a first disable path coupled to the control terminal of the first driver transistor, the disable path placing the first driver transistor control terminal at a disabling potential when the second driver transistor is enabled; and
a second disable path coupled to the control terminal of the second driver transistor, the second disable path placing the second driver transistor control terminal at a disabling potential when the first driver transistor is enabled; wherein
the second driver transistor is of a second conductivity type; and
the second disable path includes a disable transistor of the second conductivity type having a control terminal coupled to a clock signal.
6. A register circuit, comprising:
a master latch;
a slave latch that includes
a first driver transistor of a first conductivity type disposed between a first supply node and a register output terminal;
a second driver transistor disposed between a second supply node and the register output terminal;
a first controllable impedance path disposed between a control terminal of the first driver transistor and an output of the master latch, the first controllable impedance having a low impedance in response to a first clock value;
a second controllable impedance path disposed between a control terminal of the second driver transistor and the output of the master latch, the second controllable impedance having a low impedance in response to the first clock value; and
a first disable path coupled to the control terminal of the first driver transistor, the disable path placing the first driver transistor control terminal at a disabling potential when the second driver transistor is enabled; and
a second disable path coupled to the control terminal of the second driver transistor, the second disable path placing the second driver transistor control terminal at a disabling potential when the first driver transistor is enabled; wherein
the second disable path includes a disable transistor having a control terminal coupled to a master latch output value.
7. A register circuit, comprising:
a master latch;
a slave latch that includes
a first driver transistor of a first conductivity type disposed between a first supply node and a register output terminal;
a second driver transistor disposed between a second supply node and the register output terminal;
a first controllable impedance path disposed between a control terminal of the first driver transistor and an output of the master latch, the first controllable impedance having a low impedance in response to a first clock value;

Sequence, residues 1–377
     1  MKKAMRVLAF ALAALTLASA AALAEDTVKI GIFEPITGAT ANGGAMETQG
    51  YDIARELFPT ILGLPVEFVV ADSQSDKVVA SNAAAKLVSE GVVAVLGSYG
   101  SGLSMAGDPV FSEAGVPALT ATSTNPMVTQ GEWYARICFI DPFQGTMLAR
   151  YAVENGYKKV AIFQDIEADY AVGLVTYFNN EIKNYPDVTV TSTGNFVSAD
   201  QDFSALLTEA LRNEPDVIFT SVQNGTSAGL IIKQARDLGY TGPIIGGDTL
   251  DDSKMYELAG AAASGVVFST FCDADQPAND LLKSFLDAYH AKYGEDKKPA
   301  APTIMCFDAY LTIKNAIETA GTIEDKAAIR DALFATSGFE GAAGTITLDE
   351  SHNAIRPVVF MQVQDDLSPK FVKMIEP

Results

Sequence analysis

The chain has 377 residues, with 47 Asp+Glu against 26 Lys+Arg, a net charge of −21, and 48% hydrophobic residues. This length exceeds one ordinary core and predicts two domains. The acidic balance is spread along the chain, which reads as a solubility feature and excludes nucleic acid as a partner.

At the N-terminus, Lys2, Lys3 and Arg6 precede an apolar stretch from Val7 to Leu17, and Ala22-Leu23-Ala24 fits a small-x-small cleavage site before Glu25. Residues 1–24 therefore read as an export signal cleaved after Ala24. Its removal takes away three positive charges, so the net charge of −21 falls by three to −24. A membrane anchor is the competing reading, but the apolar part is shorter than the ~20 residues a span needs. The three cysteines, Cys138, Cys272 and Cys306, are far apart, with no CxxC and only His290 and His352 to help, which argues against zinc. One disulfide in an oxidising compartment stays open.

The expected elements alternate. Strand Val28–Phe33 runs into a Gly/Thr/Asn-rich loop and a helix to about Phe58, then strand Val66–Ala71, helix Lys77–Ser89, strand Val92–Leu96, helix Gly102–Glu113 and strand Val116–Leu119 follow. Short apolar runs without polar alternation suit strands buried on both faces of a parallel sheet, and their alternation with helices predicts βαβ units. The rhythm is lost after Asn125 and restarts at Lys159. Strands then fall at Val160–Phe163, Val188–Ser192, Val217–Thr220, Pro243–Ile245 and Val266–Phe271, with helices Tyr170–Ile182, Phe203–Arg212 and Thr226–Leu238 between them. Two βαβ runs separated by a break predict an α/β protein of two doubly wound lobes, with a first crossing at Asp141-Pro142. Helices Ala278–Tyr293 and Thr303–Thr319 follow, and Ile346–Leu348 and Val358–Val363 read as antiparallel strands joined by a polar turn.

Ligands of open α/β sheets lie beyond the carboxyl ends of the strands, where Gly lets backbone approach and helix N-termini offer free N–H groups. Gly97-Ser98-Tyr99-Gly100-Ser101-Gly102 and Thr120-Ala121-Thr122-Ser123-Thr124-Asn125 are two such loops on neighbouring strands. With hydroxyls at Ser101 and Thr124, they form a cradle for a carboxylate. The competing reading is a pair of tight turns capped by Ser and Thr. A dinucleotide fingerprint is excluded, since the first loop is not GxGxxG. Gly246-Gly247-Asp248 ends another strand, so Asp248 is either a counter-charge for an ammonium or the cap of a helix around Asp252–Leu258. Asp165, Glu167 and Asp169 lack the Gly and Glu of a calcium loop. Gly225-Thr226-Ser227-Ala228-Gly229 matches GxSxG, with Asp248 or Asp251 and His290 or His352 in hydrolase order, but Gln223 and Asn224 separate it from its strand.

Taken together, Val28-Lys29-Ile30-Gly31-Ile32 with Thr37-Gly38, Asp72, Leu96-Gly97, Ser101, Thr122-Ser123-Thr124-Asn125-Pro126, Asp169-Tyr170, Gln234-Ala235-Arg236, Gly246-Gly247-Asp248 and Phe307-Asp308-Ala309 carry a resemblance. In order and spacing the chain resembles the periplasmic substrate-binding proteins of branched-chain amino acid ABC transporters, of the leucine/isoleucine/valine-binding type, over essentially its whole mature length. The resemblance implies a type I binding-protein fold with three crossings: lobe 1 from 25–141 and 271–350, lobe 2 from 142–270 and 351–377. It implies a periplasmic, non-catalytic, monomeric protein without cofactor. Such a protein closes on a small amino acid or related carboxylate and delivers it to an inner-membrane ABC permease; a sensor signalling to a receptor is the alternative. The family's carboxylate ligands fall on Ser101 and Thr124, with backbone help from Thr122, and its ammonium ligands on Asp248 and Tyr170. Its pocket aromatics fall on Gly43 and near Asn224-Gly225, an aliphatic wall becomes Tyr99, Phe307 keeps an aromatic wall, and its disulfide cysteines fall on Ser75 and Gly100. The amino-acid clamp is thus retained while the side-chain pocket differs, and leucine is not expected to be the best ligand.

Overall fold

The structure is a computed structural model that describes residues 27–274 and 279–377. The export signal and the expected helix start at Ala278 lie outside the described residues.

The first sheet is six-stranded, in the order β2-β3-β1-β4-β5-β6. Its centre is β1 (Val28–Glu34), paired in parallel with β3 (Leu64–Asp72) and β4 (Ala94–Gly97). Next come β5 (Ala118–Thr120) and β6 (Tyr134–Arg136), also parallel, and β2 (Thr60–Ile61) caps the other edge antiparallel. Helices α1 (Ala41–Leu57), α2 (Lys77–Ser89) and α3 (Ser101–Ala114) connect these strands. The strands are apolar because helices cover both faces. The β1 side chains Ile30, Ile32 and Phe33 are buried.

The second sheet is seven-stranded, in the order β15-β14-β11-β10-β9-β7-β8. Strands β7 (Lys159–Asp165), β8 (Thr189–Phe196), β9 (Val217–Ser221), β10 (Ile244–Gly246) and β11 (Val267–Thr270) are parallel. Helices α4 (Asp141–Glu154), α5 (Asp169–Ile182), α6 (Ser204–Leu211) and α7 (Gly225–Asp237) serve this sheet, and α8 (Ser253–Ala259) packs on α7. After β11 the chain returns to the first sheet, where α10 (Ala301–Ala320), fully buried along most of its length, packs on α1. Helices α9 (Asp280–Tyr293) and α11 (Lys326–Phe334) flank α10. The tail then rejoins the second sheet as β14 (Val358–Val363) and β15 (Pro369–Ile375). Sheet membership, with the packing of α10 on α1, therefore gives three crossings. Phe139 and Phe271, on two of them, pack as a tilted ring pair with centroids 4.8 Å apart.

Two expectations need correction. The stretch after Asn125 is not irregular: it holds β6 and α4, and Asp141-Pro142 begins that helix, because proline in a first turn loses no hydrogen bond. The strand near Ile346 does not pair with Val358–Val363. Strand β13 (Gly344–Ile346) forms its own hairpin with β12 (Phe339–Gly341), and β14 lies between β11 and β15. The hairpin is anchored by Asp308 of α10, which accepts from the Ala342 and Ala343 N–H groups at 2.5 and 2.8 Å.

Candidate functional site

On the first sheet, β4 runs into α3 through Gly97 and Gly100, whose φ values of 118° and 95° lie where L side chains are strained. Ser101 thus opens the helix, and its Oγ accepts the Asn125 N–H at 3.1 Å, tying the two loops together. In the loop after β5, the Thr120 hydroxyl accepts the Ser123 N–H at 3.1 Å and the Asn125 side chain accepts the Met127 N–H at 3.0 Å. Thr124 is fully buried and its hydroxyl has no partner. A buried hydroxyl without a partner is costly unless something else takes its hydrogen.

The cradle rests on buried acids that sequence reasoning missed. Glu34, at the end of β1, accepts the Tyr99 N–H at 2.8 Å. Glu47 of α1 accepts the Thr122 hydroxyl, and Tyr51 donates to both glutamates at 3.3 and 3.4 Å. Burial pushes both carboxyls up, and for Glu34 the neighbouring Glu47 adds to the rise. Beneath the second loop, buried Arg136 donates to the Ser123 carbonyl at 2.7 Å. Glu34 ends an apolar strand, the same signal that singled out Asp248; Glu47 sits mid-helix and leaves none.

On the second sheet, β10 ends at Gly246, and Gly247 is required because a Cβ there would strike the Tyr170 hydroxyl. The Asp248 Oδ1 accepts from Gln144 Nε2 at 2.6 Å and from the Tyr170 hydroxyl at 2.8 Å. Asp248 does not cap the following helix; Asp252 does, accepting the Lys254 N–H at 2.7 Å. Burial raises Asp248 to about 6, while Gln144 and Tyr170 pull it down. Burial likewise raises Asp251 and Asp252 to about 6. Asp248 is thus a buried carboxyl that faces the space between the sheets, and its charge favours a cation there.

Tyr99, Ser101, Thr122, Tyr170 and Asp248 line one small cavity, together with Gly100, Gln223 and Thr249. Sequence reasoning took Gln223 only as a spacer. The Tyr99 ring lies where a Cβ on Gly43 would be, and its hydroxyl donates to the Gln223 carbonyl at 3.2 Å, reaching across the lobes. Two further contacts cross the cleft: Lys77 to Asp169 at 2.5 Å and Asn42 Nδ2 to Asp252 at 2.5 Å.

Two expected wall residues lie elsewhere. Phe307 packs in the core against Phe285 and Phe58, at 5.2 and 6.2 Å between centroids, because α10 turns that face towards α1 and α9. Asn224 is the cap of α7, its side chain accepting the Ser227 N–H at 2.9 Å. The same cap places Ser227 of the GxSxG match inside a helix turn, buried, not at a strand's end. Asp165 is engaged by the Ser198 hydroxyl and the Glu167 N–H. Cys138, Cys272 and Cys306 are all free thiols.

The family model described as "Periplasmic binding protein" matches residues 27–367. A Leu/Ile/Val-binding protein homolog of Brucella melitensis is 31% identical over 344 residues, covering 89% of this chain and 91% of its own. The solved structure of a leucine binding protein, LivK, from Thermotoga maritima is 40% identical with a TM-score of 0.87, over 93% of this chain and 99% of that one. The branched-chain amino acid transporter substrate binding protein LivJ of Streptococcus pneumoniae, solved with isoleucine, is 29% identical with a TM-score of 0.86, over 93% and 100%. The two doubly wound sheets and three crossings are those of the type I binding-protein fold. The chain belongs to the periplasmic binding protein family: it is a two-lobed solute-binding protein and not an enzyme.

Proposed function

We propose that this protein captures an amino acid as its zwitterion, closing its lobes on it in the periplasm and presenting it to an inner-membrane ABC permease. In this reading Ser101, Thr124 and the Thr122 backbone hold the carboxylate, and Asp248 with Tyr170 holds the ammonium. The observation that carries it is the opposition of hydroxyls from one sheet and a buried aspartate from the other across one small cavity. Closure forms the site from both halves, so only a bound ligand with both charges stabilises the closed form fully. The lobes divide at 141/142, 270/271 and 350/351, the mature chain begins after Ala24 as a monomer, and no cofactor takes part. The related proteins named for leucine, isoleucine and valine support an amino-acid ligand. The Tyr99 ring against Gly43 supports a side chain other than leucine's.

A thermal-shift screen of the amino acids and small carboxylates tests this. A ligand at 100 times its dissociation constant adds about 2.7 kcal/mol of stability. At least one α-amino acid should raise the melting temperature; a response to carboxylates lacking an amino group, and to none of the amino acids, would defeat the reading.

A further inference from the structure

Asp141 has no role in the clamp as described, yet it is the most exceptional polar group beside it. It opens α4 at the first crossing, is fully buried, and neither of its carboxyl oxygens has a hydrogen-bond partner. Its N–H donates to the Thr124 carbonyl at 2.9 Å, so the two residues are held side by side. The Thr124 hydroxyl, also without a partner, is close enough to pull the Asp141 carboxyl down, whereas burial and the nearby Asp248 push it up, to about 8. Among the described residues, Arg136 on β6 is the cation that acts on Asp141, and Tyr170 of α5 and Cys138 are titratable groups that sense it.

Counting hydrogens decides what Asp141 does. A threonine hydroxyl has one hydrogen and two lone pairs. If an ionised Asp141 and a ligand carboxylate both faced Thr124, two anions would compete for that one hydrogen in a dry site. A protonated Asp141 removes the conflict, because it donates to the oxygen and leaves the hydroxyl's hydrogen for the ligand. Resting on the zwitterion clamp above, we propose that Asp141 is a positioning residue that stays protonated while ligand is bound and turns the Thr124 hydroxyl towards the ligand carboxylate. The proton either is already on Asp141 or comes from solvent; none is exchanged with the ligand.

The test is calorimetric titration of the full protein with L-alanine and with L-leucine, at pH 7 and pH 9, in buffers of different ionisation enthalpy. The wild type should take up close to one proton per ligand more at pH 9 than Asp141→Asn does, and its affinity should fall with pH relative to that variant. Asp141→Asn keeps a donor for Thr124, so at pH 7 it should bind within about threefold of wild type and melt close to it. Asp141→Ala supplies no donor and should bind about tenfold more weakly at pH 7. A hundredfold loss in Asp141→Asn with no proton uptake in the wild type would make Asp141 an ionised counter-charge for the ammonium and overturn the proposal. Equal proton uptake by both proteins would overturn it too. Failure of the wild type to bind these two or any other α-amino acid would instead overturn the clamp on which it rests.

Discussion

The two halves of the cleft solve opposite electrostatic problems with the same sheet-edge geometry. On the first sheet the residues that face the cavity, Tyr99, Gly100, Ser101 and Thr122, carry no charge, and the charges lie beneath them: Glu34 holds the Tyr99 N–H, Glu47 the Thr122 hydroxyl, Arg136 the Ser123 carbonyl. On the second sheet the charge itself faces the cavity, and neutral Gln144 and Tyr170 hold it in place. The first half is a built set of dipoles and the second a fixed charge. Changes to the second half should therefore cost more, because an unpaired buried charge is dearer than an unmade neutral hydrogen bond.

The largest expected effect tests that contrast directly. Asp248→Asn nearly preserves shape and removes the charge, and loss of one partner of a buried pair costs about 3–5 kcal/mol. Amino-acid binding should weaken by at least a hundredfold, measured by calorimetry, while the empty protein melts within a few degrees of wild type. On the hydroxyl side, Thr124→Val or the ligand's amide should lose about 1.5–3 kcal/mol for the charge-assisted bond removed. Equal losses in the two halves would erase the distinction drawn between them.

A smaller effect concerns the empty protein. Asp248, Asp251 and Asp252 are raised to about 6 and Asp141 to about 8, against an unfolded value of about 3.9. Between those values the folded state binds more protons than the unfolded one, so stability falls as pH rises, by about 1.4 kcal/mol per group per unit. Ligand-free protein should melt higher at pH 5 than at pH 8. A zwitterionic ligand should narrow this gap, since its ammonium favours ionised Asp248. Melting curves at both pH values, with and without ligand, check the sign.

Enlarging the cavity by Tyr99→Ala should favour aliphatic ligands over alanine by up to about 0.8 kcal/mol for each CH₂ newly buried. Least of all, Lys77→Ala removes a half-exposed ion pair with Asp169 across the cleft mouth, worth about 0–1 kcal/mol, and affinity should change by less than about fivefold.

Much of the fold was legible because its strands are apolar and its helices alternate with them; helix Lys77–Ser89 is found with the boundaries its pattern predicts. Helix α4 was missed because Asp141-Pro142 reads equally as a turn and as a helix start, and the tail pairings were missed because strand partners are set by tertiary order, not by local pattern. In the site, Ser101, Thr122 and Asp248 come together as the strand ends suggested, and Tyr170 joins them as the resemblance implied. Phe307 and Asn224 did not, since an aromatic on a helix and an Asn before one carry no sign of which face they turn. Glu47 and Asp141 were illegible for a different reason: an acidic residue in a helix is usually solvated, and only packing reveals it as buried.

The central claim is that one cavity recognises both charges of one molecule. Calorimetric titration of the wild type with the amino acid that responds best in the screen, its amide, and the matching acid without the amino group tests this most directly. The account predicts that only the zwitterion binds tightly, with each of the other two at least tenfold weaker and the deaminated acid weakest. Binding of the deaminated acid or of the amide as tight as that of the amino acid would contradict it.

a second controllable impedance path disposed between a control terminal of the second driver transistor and the output of the master latch, the second controllable impedance having a low impedance in response to the first clock value; and
a capacitor coupled between an input terminal of the slave latch circuit and a predetermined potential.
8. A circuit, comprising:
a first driver transistor disposed between a first supply node and a register output terminal;
a second driver transistor disposed between a second supply node and the register output terminal;
a first transfer circuit coupled between a first clock signal terminal and a control terminal of the first driver transistor;
a second transfer circuit coupled between a second clock signal terminal and a control terminal of the second driver transistor;
a first disable device coupled between the control terminal of the first driver transistor and the first supply node;
a second disable device coupled between the control terminal of the second driver transistor and the second supply node; and
an input signal coupled to the first transfer circuit;
wherein the first transfer circuit and the second disable device provide low impedance paths when the input signal has a first value and the second transfer circuit and the first disable device provide low impedance paths when the input signal has a second value.
9. The circuit of claim 8, further including:
a flip-flop circuit for storing data in the circuit, the flip-flop circuit including transistors that have an area less than that of the first or second driver transistor.
10. A register circuit, comprising:
a first transistor of a first conductivity type coupled between a first potential and an output node;
a first transistor of a second conductivity type coupled between the output node and a second potential that is less than the first potential;
a second transistor of the second conductivity type coupled between the gate of the first transistor of the first conductivity type and a first node, and having a gate coupled to a second node wherein the gate of the first transistor of the first conductivity type is not directly connected to the gate of the first transistor of the second conductivity type;
a second transistor of the first conductivity type coupled to the gate of the first transistor of the second conductivity type;
a third transistor of the first conductivity type coupled between the gate of the first transistor of the first conductivity type and the first potential, and having a gate coupled to the second node;
a third transistor of the second conductivity type coupled between the gate of the first transistor of the second conductivity type and the second potential; and
a flip-flop circuit coupled to the output node; wherein
the first and second nodes receive different signals.
11. The register circuit of claim 10, wherein:
the first node receives the output value from a master latch; and
the second node receives a periodic clock signal.